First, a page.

Updated 6:55 p.m. | President Donald Trump on Tuesday defended his Veterans Affairs nominee, Ronny Jackson amid allegations of drinking on the job and creating a hostile work environment even as he opened the door for his White House doctor to withdraw his nomination.

“I’ll always stand behind him,” the president said.

Still No Trump, But This Year’s Correspondents’ Dinner Will Be Different
 

The annual White House Correspondents’ Dinner — or #nerdprom, as it’s called in D.C. — is set for Saturday. Ahead of the event, Roll Call’s John T. Bennett sat down with the association’s president, Bloomberg’s Margaret Talev, about the shifting dynamics of the West Wing press shop and its relationship with the media....
Macron Visit Will Highlight Iran Deal, Trade Differences
‘Iran deal will be atop the list of things Congress is watching,’ expert says

It was all smiles and handshakes Monday afternoon when French President Emmanuel Macron arrived outside the West Wing. But Republican and Democratic lawmakers are expected to intently watch the youthful European leader’s talks with President Donald Trump.

Macron’s polished black limousine pulled into the White House’s West Wing entrance with a spring breeze perfectly pitching the flags of each country affixed to his hood. When the 40-year-old French president greeted his 71-year-old political alter ego, the personal bond they both often laud was on public display.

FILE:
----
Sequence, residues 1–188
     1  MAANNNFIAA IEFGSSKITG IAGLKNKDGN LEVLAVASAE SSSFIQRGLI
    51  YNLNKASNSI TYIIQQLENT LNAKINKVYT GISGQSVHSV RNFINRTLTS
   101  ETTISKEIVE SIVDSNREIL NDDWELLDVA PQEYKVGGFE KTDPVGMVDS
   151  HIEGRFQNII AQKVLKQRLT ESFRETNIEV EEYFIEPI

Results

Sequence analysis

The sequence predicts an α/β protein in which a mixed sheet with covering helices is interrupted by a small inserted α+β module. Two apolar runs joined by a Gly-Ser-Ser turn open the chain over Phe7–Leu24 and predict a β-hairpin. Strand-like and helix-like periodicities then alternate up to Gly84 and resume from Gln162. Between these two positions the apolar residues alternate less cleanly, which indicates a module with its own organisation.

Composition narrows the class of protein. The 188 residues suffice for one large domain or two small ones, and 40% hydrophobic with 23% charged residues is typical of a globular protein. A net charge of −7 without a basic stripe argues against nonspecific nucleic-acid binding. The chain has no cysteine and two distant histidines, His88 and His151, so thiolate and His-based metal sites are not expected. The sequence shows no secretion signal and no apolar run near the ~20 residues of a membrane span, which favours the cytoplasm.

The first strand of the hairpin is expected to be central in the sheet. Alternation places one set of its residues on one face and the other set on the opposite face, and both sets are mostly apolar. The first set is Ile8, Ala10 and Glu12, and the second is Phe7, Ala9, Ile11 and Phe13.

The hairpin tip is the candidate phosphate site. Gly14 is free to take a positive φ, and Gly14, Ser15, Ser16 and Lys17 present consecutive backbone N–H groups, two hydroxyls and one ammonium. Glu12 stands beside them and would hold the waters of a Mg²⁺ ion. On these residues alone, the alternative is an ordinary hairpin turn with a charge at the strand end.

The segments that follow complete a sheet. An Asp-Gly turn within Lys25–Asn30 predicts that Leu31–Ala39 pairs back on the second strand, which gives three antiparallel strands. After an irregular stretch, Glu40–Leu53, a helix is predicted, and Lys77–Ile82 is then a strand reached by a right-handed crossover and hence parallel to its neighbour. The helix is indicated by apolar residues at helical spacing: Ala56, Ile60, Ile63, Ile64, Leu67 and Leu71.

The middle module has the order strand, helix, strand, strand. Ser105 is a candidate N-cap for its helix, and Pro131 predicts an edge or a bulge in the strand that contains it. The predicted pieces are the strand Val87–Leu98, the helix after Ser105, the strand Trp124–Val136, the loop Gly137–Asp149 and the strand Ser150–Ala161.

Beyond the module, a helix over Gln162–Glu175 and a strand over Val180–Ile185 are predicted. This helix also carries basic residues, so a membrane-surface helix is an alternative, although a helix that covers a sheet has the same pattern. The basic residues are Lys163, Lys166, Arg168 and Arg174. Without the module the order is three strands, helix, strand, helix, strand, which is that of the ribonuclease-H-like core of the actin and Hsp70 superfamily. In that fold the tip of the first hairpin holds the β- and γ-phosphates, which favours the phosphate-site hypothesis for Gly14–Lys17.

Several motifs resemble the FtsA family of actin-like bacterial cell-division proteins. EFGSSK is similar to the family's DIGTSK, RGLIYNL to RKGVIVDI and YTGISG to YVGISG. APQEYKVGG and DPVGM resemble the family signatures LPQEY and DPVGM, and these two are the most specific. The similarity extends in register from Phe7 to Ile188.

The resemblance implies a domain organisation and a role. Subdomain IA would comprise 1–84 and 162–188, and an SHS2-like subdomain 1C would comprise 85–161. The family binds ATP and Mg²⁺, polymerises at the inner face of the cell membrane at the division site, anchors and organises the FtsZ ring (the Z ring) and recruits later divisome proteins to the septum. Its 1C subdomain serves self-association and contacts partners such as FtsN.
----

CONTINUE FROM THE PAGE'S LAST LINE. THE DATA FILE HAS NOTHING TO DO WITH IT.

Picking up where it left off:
Trump, French President Macron to Disagree Privately, Official Says
French president visits next week for first state visit of Trump presidency

There will be ample smiles and handshakes for the camera, but don’t expect the U.S. and French heads of state to agree on much behind closed doors when they meet next week in Washington.

A number of contentious issues — from the Iran nuclear deal to U.S. steel and aluminum tariffs to Syria — will be on the agenda next week when President Donald Trump hosts French President Emmanuel Macron for a visit that largely will be symbolic.

Analysis: For Trump, Wins and Losses During Abe Summit
‘The body language on trade was just really startling,’ expert says

White House aides set a low bar for their boss ahead of his two-day summit with Japanese Prime Minister Shinzo Abe — and President Donald Trump often cleared it with ease. But experts say there were a few stumbles too.